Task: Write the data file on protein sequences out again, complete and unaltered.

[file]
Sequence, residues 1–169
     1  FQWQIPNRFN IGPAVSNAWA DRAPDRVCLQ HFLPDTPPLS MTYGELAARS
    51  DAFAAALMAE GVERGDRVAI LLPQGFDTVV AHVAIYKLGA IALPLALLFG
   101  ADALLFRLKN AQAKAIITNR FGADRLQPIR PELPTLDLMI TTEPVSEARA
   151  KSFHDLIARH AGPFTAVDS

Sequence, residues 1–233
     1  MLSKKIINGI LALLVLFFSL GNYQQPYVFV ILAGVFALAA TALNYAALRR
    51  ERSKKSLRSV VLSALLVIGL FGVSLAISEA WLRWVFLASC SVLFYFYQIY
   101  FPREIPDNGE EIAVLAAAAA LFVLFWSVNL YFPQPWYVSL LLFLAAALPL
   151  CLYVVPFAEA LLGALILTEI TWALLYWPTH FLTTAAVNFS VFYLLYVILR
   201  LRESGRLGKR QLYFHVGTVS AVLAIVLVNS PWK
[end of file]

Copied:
Sequence, residues 1–169
     1  FQWQIPNRFN IGPAVSNAWA DRAPDRVCLQ HFLPDTPPLS MTYGELAARS
    51  DAFAAALMAE GVERGDRVAI LLPQGFDTVV AHVAIYKLGA IALPLALLFG
   101  ADALLFRLKN AQAKAIITNR FGADRLQPIR PELPTLDLMI TTEPVSEARA
   151  KSFHDLIARH AGPFTAVDS

Sequence, residues 1–233
     1  MLSKKIINGI LALLVLFFSL GNYQQPYVFV ILAGVFALAA TALNYAALRR
    51  ERSKKSLRSV VLSALLVIGL FGVSLAISEA WLRWVFLASC SVLFYFYQIY
   101  FPREIPDNGE EIAVLAAAAA LFVLFWSVNL YFPQPWYVSL LLFLAAALPL
   151  CLYVVPFAEA LLGALILTEI TWALLYWPTH FLTTAAVNFS VFYLLYVILR
   201  LRESGRLGKR QLYFHVGTVS AVLAIVLVNS PWK